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(1/1814) Preventive effects of dehydroepiandrosterone acetate on the fatty liver induced by orotic acid in male rats.

Preventive effects of dehydroepiandrosteone acetate (DHEA-A) and clofibrate (positive control substance) on the fatty liver induced by orotic acid (OA) were examined on the male Sprague-Dawley rats fed a high sucrose based diet containing 1% OA and this diet further mixed with 0.5% DHEA-A or 0.5% clofibrate for 2 weeks. Numerous lipid droplets were observed in the hepatocytes of the rats treated with OA alone, but not in those treated with DHEA-A or clofibrate. In comparison to the group with OA alone, the DHEA-A or clofibrate treated rats showed a larger relative liver weight (to body weight) which was accompanied by increased peroxisomes in the hepatocytes. These results indicate that DHEA-A, as well as clofibrate, may prevent OA-induced fatty liver.  (+info)

(2/1814) Contribution of modern cardiovascular treatment and risk factor changes to the decline in coronary heart disease mortality in Scotland between 1975 and 1994.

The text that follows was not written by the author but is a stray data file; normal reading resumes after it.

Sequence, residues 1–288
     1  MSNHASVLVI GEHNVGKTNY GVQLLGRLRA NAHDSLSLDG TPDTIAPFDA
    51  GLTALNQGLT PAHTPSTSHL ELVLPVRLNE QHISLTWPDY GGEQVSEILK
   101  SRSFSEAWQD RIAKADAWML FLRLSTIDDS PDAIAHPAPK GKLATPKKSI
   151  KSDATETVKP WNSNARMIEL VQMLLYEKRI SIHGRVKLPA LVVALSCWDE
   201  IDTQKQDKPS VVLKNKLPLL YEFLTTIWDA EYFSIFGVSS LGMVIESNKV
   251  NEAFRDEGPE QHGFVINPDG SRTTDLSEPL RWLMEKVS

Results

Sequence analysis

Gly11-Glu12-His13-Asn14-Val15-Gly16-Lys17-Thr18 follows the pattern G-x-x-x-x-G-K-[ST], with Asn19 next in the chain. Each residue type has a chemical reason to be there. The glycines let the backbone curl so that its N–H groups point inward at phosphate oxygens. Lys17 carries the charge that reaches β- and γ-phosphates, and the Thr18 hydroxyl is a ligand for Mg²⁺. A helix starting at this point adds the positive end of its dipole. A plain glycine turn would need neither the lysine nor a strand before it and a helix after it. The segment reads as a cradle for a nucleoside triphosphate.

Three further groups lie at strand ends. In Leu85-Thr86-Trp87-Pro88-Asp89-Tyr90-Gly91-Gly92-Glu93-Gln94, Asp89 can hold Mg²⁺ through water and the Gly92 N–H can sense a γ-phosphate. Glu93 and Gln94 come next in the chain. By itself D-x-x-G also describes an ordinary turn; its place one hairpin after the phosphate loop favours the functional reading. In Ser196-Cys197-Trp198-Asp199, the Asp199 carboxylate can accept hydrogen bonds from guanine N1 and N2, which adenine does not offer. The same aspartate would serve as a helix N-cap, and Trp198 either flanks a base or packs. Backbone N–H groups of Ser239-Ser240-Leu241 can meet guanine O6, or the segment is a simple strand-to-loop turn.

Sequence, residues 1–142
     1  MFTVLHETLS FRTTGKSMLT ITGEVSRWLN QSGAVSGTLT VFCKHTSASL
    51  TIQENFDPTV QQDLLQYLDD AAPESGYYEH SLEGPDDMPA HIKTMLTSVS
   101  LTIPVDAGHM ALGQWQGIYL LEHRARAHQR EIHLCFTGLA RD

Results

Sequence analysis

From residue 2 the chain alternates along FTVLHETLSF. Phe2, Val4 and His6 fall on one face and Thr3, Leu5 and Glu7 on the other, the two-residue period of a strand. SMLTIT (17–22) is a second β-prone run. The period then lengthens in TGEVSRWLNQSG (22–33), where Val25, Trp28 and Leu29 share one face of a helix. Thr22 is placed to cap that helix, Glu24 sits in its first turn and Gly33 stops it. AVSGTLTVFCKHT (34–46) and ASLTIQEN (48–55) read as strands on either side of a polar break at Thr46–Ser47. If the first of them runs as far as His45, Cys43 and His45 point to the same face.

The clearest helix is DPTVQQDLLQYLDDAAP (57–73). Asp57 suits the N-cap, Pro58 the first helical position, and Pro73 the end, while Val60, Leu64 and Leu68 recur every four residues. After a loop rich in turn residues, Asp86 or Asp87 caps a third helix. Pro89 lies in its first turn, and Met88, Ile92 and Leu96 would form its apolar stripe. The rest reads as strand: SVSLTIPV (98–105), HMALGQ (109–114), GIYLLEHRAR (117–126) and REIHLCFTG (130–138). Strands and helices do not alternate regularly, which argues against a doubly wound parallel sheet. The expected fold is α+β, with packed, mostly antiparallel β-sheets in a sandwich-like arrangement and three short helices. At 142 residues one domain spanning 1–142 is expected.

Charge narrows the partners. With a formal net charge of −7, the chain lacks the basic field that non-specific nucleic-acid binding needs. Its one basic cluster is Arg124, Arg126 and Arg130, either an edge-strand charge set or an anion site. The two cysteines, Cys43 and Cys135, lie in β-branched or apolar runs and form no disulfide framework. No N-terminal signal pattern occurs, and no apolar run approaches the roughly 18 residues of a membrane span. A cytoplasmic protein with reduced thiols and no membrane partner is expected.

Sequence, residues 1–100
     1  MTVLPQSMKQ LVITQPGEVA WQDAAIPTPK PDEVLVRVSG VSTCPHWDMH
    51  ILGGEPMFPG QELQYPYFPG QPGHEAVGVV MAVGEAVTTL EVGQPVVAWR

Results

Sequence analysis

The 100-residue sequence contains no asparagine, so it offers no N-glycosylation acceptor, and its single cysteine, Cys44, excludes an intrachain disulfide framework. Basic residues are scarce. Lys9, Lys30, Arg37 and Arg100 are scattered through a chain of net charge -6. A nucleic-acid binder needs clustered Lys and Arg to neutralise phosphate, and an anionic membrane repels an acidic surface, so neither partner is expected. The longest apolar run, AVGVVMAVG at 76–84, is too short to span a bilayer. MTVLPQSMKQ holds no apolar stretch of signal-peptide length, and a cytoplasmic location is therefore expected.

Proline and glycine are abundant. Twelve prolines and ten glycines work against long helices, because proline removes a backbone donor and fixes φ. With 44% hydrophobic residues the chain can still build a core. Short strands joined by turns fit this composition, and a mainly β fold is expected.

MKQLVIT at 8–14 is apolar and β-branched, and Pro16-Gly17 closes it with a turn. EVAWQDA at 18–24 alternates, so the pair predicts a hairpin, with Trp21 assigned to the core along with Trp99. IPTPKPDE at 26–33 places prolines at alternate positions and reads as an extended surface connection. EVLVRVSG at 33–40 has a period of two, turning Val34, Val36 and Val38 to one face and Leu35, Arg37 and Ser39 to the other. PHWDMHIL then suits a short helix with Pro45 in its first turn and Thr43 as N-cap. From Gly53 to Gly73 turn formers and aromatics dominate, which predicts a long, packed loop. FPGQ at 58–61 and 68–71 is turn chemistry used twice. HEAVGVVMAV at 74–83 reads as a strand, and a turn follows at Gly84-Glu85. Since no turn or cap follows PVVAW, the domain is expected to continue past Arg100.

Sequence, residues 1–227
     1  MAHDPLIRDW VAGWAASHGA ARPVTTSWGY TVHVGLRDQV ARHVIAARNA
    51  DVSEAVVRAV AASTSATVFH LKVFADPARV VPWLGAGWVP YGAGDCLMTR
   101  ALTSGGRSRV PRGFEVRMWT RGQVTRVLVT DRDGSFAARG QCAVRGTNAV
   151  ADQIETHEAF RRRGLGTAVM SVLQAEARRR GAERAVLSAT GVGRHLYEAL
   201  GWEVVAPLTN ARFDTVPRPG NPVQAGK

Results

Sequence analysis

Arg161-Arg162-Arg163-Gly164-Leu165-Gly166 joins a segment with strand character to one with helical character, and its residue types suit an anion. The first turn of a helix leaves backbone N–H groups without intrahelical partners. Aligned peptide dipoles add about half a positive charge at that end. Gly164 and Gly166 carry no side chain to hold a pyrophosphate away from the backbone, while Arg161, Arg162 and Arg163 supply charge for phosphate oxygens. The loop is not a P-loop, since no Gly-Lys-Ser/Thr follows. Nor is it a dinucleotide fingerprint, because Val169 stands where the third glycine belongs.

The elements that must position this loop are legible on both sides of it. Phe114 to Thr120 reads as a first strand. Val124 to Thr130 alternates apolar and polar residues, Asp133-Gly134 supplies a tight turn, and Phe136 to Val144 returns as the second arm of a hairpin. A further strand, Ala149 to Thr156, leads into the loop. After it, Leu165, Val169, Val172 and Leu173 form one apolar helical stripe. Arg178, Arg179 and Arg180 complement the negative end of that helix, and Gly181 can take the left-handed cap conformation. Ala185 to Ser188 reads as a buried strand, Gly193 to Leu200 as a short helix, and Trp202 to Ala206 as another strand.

OBJECTIVE: To estimate the fall in coronary heart disease (CHD) mortality in Scotland attributable to medical and surgical treatments, and risk factor changes, between 1975 and 1994. DESIGN: A cohort model combining effectiveness data from meta-analyses with information on treatment uptake in all patient categories in Scotland. SETTING AND PATIENTS: The whole Scottish population of 5.1 million, including all patients with recognised CHD. INTERVENTIONS: All cardiological, medical, and surgical treatments, and all risk factor changes between 1975 and 1994. Data were obtained from epidemiological surveys, routine National Health Service sources, and local audits. MAIN OUTCOME MEASURES: Deaths from CHD in 1975 and 1994. RESULTS: There were 15 234 deaths from CHD in 1994, 6205 fewer deaths than expected if there had been no decline from 1975 mortality rates. In 1994, the total number of deaths prevented or postponed by all treatments and risk factor reductions was estimated at 6747 (minimum 4790, maximum 10 695). Forty per cent of this benefit was attributed to treatments (initial treatments for acute myocardial infarction 10%, treatments for hypertension 9%, for secondary prevention 8%, for heart failure 8%, aspirin for angina 2%, coronary artery bypass grafting surgery 2%, and angioplasty 0.1%). Fifty one per cent of the reduction in deaths was attributed to measurable risk factor reductions (smoking 36%, cholesterol 6%, secular fall in blood pressure 6%, and changes in deprivation 3%). Other, unquantified factors apparently accounted for the remaining 9%. These proportions remained relatively consistent across a wide range of assumptions and estimates in a sensitivity analysis. CONCLUSIONS: Medical treatments and risk factor changes apparently prevented or postponed about 6750 coronary deaths in Scotland in 1994. Modest gains from individual treatments produced a large cumulative survival benefit. Reductions in major risk factors explained about half the fall in coronary mortality, emphasising the importance and future potential of prevention strategies.  (+info)